“The realtor called me back earlier this year to tell me I “missed the boat” in 2008, but that it was still a great time to buy despite prices being higher…”

exx at 30 Jul 2010 at 9:38 am

“I’ve been waiting for one of these Port Moody highrises (Sahalee) to reduce under $300K. Finally happened, #1709 651 Nootka reduced from $338K to $299K. #609 is still asking $329K… good luck! These 2 bed 2 bath 750sqft condos are literally shoeboxes with no closets. Anyway, thought I’d post that because in summer ‘08 I viewed #809, listed for $349K, and jokingly told the Realtor I might consider $250. She called me back and said I could have it for $300K – I passed. She actually called me back earlier this year to tell me I “missed the boat” back then, but it was still a great time to buy despite prices being higher…

Also both my friends in Coquitlam have let their listings expire after 4 months and 0 offers. One of them has decided to try selling in the fall or next year when the market “picks up”, the others own a house and are refinancing to fix it up and then either try again or just not sell at all.”

“I’ve just sold my American Home of 19 years, and will rent for the next year or so until we move to BC.”

Contrarians would currently be selling Canada and buying the US. Here’s somebody who is almost doing the reverse (not exactly the reverse, because they’re waiting before they buy BC). – vreaa

Fiendish Thingy at 24 Jul 2010 1:18 am

“I’ve just sold my American Home of 19 years (in Santa Cruz, CA , the 2nd least affordable community in the U.S. – 7.5 times avg. income IIRC), and will rent for the next year or so until we move to BC. We are sick of the corruption of both major parties, and look forward to living in a country where most of our tax dollars aren’t gobbled up by illegal wars (including torture and wiretaps), bank bailouts, and corporate welfare. We know Canada isn’t a Utopia, but it will be Heaven compared to the insanity going on the past 10 years.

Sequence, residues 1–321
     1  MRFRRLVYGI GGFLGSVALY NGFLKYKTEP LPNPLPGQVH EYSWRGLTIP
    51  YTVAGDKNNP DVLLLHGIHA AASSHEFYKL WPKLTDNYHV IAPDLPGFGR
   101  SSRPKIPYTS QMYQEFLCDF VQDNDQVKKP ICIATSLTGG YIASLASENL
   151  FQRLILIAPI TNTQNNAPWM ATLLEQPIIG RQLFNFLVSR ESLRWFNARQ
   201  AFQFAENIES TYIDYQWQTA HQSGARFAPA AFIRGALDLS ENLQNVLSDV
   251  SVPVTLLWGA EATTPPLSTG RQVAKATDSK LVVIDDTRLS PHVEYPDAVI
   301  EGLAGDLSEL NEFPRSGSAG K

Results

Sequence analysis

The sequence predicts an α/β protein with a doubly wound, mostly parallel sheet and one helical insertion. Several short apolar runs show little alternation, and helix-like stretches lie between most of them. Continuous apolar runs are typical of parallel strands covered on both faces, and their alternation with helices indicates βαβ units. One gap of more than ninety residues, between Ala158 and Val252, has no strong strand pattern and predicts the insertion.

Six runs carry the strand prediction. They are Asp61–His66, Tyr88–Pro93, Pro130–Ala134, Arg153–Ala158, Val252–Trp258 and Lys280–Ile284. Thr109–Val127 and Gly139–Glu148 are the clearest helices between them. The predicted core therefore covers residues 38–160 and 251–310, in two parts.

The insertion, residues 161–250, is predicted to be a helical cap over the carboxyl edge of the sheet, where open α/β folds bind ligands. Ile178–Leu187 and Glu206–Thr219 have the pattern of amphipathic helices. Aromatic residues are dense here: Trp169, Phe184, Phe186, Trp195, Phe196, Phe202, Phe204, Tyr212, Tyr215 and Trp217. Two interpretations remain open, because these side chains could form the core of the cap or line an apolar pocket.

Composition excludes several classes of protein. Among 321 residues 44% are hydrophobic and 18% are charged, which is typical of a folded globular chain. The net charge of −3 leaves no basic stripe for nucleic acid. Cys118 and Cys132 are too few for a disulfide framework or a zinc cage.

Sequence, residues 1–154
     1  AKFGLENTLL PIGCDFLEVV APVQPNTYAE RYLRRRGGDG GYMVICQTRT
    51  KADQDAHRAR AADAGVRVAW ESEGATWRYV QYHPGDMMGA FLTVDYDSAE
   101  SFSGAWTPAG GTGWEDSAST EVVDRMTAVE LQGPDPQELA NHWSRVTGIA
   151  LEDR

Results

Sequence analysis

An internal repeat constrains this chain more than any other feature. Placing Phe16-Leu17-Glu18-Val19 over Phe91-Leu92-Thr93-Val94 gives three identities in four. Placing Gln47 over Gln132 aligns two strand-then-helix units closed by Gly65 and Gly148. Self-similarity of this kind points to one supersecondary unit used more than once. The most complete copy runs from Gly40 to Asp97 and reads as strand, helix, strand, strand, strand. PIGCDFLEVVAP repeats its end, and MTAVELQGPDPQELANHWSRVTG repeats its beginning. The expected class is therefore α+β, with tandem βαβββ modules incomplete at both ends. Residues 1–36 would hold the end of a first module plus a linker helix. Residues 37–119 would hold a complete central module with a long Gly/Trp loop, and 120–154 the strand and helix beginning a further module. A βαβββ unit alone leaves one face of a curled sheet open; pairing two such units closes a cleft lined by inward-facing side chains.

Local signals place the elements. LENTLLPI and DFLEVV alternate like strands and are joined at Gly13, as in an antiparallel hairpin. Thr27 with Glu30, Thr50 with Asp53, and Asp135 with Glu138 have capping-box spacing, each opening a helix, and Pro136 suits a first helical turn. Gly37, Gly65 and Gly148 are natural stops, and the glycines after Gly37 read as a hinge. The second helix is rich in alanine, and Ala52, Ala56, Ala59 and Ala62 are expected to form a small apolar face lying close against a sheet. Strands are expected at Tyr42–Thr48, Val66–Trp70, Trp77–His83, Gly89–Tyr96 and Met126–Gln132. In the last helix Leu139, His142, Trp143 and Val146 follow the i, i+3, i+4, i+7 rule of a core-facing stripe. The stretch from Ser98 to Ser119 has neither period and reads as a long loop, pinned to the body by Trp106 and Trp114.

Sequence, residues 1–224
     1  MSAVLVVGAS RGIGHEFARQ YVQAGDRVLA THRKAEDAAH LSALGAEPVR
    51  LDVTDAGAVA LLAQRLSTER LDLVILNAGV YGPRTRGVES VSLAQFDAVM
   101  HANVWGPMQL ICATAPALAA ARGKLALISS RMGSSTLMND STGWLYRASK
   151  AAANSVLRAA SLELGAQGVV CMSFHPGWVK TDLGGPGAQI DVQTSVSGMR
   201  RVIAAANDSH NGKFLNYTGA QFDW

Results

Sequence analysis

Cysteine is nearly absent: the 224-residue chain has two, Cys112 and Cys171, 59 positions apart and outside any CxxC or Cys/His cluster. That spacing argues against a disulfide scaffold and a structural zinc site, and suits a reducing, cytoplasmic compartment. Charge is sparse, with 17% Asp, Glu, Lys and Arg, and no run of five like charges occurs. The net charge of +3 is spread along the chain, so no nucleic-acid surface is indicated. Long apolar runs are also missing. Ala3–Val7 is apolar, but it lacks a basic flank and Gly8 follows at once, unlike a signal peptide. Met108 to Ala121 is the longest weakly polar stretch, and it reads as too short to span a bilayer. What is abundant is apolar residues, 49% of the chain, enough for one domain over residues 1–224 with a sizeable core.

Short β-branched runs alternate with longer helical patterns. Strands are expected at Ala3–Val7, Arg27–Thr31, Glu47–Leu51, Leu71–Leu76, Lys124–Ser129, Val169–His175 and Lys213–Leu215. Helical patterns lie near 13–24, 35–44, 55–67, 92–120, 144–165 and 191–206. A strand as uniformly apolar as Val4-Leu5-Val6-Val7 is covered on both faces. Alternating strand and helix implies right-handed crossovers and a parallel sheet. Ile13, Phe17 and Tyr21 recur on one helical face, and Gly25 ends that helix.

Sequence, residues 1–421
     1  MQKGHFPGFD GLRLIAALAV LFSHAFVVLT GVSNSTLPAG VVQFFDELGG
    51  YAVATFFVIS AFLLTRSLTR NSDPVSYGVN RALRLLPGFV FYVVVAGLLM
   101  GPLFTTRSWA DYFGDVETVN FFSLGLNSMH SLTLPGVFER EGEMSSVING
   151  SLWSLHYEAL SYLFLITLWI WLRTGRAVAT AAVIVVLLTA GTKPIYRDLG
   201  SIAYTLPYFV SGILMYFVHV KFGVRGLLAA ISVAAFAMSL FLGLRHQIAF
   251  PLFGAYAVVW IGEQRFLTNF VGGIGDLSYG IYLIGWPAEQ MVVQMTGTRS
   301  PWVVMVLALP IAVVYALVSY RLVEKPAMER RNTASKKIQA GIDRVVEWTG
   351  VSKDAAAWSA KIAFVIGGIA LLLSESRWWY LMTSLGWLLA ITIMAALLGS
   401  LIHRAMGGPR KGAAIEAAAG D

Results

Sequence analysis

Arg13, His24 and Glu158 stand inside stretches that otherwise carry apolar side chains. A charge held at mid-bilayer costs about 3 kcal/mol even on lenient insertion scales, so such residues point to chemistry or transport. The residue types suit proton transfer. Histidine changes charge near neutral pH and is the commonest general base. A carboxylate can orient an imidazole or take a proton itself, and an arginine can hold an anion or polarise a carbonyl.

We are already landed immigrants, and are just waiting for our daughter to graduate college, and for us to find jobs (in the health professions) before moving and becoming renters in the lower mainland.

In the meantime, our over $300k USD from the sale of our home will remain liquid and available for the day when Canadian RE becomes more reasonably priced. In a few years, we hope to pay cash for a home, and have no mortgage. We are completely debt-free and loving it!

As for those who hope to buy American, there are definitely good deals out there, but more may be on the way. There is a huge backlog of foreclosures, and isn’t there a huge wave of Alt-A (you pick payment/interest only) mortgages about to reset in late 2010? I don’t think we’ve seen the bottom in the U.S. yet…”

Point Grey SFH Inventory

MLS SFH Inventory, West Point Grey, on the 28th July for each of these years:

2006 – 27
2007 – 34 (est.)
2008 – 77
2009 – 39
2010 – 78

Realtor Tempts Buyers With Cash Back Incentives

From craigslist 27 Jul 2010 5:47PM

“ATTN: BUYERS! RECEIVE $1000 IF YOU BUY WITH ME…. (Lower Mainland)”

Okanagan – 2005 Prices; Selling Strategy In A Falling Market

thirdlittlepig at RE Talks 26 Jul 2010 5:55 am and 6:33 am